Recent posts around the bloggernacle have discussed where and when (if?) we should feel comfortable asking difficult questions in a Church setting. The general experience seems to be that Sunday School, Relief Society, and Elders Quorum can all be good places and bad places to explore controversial issues in Church history and doctrine. These Church settings can be helpful or frustrating, depending on the experience, knowledge and comfort level of your particular teacher with such questions. You may have a popular Gospel Doctrine teacher, but you may still end up feeling frustrated if the teacher doesn’t understand your thought processes, or value your questions and opinions appropriately (i.e., gives you a blank stare and moves on to the next question).
So, say someone in your Sunday School class asks thoughtful questions related to the lesson that the teacher repeatedly brushes off every week and then hurries along to get through all the material in the manual. You can tell by the questions asked that this person is sincerely struggling. What do you do? Do you interrupt the teacher and ask follow-up questions as a show of support for the questioner? If you don’t think Sunday School is the place to explore specific questions, do you reach out to this person after class, or in an email later that week? Do you do anything at all?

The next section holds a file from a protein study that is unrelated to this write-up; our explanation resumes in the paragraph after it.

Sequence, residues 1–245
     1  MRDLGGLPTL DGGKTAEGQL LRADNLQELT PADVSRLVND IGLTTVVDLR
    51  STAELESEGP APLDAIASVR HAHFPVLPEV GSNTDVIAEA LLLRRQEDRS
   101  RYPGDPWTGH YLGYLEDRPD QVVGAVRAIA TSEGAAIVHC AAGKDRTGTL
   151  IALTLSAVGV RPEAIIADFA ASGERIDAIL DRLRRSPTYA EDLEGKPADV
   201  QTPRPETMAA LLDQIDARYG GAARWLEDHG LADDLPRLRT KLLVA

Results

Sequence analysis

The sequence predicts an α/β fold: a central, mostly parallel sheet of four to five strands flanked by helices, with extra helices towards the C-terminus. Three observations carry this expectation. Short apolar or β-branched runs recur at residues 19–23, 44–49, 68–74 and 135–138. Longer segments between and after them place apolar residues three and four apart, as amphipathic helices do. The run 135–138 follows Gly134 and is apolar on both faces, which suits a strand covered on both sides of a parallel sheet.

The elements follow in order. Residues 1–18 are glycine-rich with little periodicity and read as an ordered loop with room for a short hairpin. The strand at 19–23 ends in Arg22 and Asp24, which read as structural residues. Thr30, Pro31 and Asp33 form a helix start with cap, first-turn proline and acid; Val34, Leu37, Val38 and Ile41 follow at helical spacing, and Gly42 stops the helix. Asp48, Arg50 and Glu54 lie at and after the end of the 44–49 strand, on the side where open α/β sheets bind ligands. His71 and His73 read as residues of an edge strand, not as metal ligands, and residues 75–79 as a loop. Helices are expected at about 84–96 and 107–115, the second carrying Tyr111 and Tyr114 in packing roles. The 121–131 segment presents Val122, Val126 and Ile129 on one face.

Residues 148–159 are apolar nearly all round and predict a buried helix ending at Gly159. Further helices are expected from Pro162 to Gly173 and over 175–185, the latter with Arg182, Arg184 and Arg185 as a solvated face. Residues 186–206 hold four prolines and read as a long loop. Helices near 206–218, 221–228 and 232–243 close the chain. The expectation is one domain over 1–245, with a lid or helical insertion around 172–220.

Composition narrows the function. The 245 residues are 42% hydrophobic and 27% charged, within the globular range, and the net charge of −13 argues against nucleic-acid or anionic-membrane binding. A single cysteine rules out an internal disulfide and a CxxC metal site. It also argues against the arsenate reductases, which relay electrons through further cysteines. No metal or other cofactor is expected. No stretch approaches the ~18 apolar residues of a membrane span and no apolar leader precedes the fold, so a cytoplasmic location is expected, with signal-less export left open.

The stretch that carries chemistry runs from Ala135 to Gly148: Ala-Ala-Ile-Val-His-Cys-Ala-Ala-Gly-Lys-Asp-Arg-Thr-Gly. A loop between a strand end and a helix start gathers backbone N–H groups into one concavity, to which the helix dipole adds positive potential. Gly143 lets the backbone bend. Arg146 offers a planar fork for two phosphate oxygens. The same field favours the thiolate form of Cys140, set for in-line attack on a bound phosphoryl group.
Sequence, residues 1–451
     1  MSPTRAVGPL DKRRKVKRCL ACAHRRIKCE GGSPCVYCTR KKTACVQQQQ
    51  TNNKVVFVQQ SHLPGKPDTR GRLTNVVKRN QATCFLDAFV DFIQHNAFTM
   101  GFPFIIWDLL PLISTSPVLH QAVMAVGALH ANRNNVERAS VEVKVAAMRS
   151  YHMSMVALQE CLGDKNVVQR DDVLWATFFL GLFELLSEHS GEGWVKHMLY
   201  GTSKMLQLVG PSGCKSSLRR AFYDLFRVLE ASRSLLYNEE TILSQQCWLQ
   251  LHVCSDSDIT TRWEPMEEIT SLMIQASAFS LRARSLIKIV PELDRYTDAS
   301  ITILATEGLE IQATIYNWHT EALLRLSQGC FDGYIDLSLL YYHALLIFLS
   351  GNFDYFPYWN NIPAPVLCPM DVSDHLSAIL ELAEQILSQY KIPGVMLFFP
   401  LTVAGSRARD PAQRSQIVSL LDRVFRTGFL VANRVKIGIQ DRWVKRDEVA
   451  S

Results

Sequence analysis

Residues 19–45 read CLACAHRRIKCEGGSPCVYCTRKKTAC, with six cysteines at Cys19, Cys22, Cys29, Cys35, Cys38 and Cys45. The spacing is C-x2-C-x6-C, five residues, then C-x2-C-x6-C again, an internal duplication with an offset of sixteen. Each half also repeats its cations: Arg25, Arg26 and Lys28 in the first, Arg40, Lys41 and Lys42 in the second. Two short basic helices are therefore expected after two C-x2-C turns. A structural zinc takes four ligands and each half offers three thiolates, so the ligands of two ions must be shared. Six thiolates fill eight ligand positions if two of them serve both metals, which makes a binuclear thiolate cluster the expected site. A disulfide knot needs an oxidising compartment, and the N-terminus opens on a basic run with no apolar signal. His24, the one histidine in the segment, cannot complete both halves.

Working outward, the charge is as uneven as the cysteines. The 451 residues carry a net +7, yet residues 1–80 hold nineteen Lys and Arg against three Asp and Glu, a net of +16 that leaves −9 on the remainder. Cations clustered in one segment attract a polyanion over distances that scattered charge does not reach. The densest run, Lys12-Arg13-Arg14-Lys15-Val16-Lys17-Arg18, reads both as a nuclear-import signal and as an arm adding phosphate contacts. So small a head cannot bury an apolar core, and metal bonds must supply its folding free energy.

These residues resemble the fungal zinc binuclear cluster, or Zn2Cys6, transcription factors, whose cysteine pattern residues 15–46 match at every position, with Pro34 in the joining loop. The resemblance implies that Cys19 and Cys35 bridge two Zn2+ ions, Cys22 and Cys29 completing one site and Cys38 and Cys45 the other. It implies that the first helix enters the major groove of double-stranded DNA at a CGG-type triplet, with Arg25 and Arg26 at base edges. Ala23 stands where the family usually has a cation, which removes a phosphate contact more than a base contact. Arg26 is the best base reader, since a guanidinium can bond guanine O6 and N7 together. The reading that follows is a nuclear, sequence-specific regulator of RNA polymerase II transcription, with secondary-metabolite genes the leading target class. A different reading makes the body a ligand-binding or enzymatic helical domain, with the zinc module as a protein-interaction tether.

Alternatively, say a close family member is struggling over gospel-related issues, and is sincerely questioning his or her testimony and commitment to the Church.
How do you deal with questions and doubts voiced by people in Church, or by members of your family? And, perhaps most importantly, how do you work out a compromise in the face of differing interpretations and conclusions?
P.S. For fans of the Hitchhikerâ€™s Guide (or those who got dragged to see the movie last weekend and were pleasantly surprised), I think the Galaxy POV (point of view) gun would definitely come in handy in these situations.